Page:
More than a week after the death of Li Wenliang, one of the first “whistle-blowers” to warn of a coronavirus outbreak, the doctor has been almost universally described by the public as a hero in a country where heroes are usually minted in the image of the Communist Party.
Li was widely believed to be one of the eight people reprimanded by public security officers in the early days of the outbreak in December for “spreading rumours” in Wuhan in the central province of Hubei, the epicentre of the epidemic.
He died on February 6 aged 33, after contracting the previously unknown coronavirus.
On his 33rd birthday a few months earlier, Li wrote online that his resolution was to be a simple person, and to maintain peace of mind.
However, a “self-criticism” he was made to write to his employer, Wuhan Central Hospital, and seen by the South China Morning Post suggests how much he may have suffered.
“I compared [my behaviour] with the Communist Party’s constitution, party regulations and the spirit of a series of speeches [by party leaders], reflected on myself, and made profound self-criticism,” Li, a party member, wrote in the statement dated December 31.
“As an individual, I am not authorised to release related information and inaccurate information. I should keep in line in thought and action with the party’s Central Committee.”
Repeated attempts to contact Li’s family to confirm the statement were unsuccessful but his friends and associates who talked to the doctor before his death confirmed that such a document existed.
Li wrote the letter one day after he posted a message to a closed group of medical school classmates on the WeChat social media site. In the post called “Seven cases of severe acute respiratory syndrome (Sars) from the Huanan Seafood Wholesale Market”, he warned about an outbreak of undiagnosed pneumonia at his hospital.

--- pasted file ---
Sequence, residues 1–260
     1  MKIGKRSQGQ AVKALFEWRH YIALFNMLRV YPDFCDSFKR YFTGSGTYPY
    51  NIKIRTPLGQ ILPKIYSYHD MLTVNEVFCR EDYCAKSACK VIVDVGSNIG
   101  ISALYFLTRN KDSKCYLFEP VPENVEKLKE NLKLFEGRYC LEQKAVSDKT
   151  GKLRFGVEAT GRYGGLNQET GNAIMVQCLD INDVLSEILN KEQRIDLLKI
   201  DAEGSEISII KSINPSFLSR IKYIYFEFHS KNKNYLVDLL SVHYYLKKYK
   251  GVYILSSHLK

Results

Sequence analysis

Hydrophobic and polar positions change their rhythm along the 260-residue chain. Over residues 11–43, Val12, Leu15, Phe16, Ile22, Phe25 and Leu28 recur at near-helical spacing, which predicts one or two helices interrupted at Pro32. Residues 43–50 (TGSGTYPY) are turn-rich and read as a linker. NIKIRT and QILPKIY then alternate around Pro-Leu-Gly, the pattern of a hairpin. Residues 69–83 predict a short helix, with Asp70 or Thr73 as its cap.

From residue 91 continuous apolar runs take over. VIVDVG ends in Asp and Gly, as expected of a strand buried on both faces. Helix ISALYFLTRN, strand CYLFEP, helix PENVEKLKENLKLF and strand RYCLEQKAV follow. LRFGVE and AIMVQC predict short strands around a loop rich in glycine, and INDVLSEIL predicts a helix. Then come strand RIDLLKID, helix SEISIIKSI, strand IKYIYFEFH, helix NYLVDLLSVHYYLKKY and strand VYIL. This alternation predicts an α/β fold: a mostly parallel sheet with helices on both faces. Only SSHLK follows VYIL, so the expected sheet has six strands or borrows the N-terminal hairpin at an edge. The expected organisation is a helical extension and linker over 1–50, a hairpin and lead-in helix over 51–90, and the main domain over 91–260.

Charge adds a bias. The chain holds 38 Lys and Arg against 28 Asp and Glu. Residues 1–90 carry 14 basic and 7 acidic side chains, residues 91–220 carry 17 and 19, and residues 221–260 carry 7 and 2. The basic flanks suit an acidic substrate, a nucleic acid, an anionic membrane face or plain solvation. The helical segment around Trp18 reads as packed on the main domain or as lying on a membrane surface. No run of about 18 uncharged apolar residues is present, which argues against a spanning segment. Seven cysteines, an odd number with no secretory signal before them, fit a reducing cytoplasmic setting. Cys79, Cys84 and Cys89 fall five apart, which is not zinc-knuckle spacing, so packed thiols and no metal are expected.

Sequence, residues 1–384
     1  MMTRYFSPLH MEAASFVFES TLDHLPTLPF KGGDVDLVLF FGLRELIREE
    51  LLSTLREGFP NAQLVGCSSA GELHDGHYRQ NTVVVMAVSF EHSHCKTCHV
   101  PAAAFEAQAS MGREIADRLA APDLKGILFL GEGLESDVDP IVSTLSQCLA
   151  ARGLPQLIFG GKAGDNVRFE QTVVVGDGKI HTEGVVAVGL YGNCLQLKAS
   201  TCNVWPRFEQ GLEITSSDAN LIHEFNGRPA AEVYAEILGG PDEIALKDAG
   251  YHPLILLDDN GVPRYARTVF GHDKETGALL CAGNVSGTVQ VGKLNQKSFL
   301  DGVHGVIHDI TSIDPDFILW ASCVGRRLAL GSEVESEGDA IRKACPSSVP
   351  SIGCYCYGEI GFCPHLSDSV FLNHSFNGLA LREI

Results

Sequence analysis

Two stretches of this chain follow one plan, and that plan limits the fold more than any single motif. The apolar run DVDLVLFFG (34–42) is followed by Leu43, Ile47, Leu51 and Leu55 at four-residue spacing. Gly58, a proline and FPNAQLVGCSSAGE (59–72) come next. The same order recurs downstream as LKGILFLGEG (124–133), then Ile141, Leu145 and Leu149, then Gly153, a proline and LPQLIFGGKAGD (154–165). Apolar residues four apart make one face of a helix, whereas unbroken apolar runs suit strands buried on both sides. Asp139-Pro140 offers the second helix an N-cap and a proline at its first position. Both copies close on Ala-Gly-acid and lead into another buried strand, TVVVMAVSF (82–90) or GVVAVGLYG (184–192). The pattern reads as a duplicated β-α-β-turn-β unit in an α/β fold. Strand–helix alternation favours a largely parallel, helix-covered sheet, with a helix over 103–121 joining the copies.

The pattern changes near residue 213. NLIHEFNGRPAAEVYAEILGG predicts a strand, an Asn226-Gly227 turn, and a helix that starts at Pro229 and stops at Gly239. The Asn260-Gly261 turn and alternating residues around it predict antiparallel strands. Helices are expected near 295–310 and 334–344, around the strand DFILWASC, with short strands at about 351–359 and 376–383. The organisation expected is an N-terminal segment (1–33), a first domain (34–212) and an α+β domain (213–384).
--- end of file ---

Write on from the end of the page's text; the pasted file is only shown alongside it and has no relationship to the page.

On the same day, Wuhan health authorities made an official announcement saying that 27 cases of viral pneumonia of unknown cause had been found.
Li did not know whether the virus was actually Sars. In an hour he corrected it, explaining that although it was a coronavirus, like Sars, it had not been identified yet.
However, a screenshot of his initial post was leaked and soon shared widely. The next day, on New Year’s Day, Wuhan police said on their official microblog account that eight people had been punished for “spreading rumours”. It was later reported that the eight were medical staff and included Li.
It was not clear how Li was treated by the police. But the wording of a police document dated January 3 was stern: “If you are stubborn and refuse to repent, and continue to carry on [with your] illegal activities, you will be punished by law!” The document with Li’s signature and fingerprint was later uploaded to Li’s Weibo account.
However, it was not the first time Li was criticised. Hospital inspectors reprimanded him on December 31. In his apology to hospital authorities, Li said he was not aware of the “serious consequences” of his post message.
“I didn’t recognise the danger of the possible outcome of the information leak at the era of internet … The rumours could cause panic, diminish the credibility of the government and disrupt social order,” he wrote, saying his actions caused “adverse impacts on the health and propaganda departments of government”.
“In the future, I will never release suspected illegal information, I will strictly follow the law, and I will never cross the line,” he wrote. “I will always try to be politically sensitive.”